What We’re Reading, April 29, 2016: While sales of Gilead's Harvoni drop, NY state attorney's decision could be good news for the company; and the FDA faces a lawsuit from a consumer advocacy group.
Hepatitis C is in the news again—in a sales call on Thursday, Gilead reported a slowdown in the sales of its blockbuster drugs Sovaldi and Harvoni. The company reported $4.3 billion in sales for Q1, which was $300 million off the analysts’ estimate and $600 million below the last quarter of 2015, according to STAT. Although the drug reached more patients in this quarter than the last, discounts and rebates significantly lowered the company’s revenue (the list price for Harvoni is $94,500 for a typical course of 12 weeks). But this could soon change if other states follow the lead of New York, where the office of the State Attorney General Eric Schneiderman has mandated 7 commercial health plans to change their coverage policies and provide the medications for nearly all the patients with the disease, not just those at the advanced stage.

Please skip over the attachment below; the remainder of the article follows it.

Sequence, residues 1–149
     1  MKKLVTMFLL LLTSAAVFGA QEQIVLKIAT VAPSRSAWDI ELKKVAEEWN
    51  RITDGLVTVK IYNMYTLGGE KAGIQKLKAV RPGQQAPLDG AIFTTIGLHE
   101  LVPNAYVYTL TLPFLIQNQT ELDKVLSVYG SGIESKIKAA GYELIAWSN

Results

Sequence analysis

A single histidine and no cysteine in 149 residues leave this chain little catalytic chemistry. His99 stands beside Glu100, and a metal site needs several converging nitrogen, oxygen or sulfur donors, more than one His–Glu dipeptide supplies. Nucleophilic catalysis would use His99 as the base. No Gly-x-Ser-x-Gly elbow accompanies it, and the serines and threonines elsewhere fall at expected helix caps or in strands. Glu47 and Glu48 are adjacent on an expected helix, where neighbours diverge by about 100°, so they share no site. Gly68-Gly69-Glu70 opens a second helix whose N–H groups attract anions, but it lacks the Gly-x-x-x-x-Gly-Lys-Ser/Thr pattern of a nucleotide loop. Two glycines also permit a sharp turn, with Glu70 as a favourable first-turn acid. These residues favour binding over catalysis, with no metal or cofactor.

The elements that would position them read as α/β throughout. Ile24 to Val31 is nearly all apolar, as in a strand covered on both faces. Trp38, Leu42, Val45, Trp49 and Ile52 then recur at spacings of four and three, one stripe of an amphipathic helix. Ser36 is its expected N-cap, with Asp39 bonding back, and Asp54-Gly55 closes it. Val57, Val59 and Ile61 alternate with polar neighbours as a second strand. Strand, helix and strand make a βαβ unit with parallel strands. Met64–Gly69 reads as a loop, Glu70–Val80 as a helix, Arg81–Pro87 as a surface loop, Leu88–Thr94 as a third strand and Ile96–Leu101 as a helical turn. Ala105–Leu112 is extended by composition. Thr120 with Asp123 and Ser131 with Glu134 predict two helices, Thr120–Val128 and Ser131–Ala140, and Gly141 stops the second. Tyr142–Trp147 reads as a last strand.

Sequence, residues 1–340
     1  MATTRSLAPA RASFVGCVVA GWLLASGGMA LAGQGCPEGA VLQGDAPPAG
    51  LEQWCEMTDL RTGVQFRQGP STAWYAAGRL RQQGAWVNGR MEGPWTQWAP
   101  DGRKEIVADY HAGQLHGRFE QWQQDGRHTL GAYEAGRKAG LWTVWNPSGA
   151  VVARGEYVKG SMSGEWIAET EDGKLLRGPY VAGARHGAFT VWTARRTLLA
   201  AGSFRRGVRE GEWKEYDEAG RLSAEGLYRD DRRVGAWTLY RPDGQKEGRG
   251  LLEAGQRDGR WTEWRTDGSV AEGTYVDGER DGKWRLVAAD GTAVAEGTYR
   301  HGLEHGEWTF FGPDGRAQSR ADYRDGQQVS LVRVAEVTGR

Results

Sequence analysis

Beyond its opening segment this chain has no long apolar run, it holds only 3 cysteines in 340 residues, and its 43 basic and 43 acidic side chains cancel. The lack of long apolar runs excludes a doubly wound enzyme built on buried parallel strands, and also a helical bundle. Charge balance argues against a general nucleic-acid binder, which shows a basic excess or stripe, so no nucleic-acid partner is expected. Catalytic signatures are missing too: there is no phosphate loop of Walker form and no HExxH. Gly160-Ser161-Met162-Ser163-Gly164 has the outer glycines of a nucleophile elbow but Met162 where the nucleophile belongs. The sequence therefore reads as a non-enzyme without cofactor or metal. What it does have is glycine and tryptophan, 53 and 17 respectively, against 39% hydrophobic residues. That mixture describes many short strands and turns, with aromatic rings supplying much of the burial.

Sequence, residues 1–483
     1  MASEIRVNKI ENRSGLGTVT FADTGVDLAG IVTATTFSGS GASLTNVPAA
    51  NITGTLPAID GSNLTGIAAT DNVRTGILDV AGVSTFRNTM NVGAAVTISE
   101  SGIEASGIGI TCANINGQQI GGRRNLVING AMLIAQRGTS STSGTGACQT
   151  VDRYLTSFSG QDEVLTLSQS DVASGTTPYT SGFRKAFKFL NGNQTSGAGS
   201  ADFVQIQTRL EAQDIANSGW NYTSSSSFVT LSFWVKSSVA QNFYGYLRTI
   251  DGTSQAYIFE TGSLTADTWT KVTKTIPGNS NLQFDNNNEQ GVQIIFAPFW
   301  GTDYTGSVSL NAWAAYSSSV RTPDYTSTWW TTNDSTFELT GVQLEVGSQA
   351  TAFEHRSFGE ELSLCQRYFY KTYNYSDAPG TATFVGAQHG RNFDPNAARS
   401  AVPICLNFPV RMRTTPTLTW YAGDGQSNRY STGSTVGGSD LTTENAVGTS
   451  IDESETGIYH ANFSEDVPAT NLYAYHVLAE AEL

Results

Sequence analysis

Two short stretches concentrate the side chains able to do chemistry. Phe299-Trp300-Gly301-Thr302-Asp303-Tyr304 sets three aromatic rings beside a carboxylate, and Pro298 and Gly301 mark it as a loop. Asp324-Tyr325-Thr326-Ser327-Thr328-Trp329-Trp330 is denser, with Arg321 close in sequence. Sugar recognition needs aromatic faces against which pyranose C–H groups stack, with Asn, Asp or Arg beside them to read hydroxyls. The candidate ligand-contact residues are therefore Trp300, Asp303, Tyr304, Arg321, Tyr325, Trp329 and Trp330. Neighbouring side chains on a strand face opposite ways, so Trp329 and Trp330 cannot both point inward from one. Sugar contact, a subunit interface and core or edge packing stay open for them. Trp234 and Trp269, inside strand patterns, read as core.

Abbott Laboratories made a major announcement yesterday: the Illinois-based company will be buying St. Jude Medical Inc for $25 billion to expand on its heart device business, according to Reuters. According to Abbott’s CEO, Miles White, St. Jude’s devices to treat heart failure and abnormal heart rhythm complement their own cardiovascular products. The market did not react well to the news, however, and Abbott’s stocks fell by about 6%.
The nation’s regulatory authority has been sued by a consumer advocacy group. Public Citizen Foundation has filed a lawsuit against the FDA and the HHS, seeking greater transparency on the background of the advisory committee members than what is currently posted on the FDA website. Scientific and medical experts who serve on these committees review marketing applications submitted by drug developers, and their advice can have a significant impact on drug approvals by the FDA. The lawsuit claims that the “FDA redacts information from most of the advisory committee members’ CVs,” which the Foundation believes should appear in full.